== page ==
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» 19.10.2010 - Coral deaths reach Mayotte, Comoros
» 23.09.2010 - Mauritius seeks 100,000 foreign students
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» 27.04.2006 - Mauritius urges laureates to return home
» 28.05.2004 - Brain drain: "Europe poaching African healthcare workers"











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The UNESCO-listed landscape Le Morne on the south-western tip of Mauritius has volcanic origins
© Rep. Mauritius/afrol News
Mauritius | Réunion and Mayotte
Science - Education

"New continent" found beneath Mauritius, Réunion

Line showing moves of the Réunion hotspot over tens of millions of years (numbers in circles) on map showing continents included flooded parts

© Bernhard Steinberger/GFZ/afrol News
afrol News, 25 February
- "Mauritia" is the name scientists have given the newly discovered micro-continent in the Indian Ocean, which detached about 60 million years ago while Madagascar and India drifted apart. A thick layer of lava so far has kept it secret.

Scientists from the German Research Centre for Geosciences in Potsdam outside Berlin have published remarkable findings they made on the islands of Mauritius and Réunion, showing that the two famous holiday destination islands in the Indian Ocean not were created by volcanism alone. On the contrary, they are located on the rests of a so-called micro-continent the researchers have baptised Mauritia.

Mauritia detached from Madagascar and India as these two parts of the giant continent Gondwana started drifting away from each other some 60 million years ago. But major volcanic activity in the region has covered the continental fragment with huge masses of lava, according to the scientists.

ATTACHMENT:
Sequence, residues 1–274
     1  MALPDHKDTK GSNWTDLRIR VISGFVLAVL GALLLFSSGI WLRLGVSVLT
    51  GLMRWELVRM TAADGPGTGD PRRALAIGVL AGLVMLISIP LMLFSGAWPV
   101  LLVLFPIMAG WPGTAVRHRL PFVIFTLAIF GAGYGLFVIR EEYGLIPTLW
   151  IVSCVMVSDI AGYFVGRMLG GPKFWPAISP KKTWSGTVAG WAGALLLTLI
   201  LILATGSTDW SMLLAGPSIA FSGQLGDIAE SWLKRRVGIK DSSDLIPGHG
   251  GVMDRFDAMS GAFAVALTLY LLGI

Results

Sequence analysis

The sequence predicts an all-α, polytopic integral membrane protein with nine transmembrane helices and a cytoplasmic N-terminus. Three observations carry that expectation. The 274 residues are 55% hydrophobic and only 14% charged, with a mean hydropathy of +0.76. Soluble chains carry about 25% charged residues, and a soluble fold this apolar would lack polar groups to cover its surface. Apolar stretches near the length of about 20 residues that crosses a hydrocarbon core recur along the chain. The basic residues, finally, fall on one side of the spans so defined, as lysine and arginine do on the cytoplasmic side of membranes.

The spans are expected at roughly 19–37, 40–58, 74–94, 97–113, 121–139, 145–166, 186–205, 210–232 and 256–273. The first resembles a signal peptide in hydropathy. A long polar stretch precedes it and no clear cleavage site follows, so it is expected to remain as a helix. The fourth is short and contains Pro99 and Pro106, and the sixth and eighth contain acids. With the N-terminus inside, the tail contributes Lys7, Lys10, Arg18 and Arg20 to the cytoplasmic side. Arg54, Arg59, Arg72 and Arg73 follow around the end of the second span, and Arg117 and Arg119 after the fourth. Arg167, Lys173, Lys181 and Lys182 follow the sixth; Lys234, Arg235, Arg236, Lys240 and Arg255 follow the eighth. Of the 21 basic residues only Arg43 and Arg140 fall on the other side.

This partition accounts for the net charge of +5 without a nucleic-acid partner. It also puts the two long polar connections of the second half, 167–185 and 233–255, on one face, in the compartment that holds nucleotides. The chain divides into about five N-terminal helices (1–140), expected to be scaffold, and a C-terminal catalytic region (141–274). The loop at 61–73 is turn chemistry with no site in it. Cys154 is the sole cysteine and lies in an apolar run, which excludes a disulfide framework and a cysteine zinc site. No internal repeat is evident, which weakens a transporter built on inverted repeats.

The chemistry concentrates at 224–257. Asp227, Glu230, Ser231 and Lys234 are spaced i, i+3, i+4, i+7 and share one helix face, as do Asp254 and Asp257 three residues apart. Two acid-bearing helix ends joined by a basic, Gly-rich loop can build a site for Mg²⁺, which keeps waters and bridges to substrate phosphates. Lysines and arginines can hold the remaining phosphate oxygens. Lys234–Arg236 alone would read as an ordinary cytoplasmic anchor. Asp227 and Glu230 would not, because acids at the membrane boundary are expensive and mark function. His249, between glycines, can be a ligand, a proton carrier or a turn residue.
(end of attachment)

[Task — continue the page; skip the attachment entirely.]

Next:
The researchers also conclude that there probably are a larger number of undiscovered micro-continents around in the great oceans. A summary of the study has been published in the latest edition of the prestigious journal 'Nature Geosciences'.

According to the researchers, mostly the break-up of continents is often associated with mantle plumes. These giant bubbles of hot rock rise from the deep mantle and soften the tectonic plates from below, until the plates break apart at the hotspots.

"This is how Eastern Gondwana broke apart about 170 million years ago. At first, one part was separated, which in turn fragmented into Madagascar, India, Australia and Antarctica, which then migrated to their present position," the report says.

"Plumes currently situated underneath the islands Marion and Reunion appear to have played a role in the emergence of the Indian Ocean. If the zone of the rupture lies at the edge of a land mass - in this case Madagascar and India - fragments of this land mass may be separated off," according to the report. The nearby Seychelles are a well-known example of such a continental fragment.

The researchers first looked into lava sand grains from the beaches of Mauritius. "The sand grains contain semi-precious zircons aged between 660 and 1970 million years, which is explained by the fact that the zircons were carried by the lava as it pushed through subjacent continental crust of this age," the reporters explain. This was to prove that rests of an older micro-continent lays beneath the lava masses on Mauritius.

Researcher Bernhard Steinberger of the research centre in Potsdam and several international colleagues further were able to trace the geohistorical track of the mantel hotspot now located close to Réunion island. "We were able to show that the continent fragments continued to wander almost exactly over the Réunion plume, which explains how they were covered by volcanic rock," Steinberger explains.

Until know, the creation of the African islands southeast in the Indian Ocean, including Réunion and Mauritius, has been explained by the Réunion plume, as a parallel to the creation of the Hawaii islands. But Steinberger and his colleagues conclude the contrary, saying they represent the micro-continent Mauritia.


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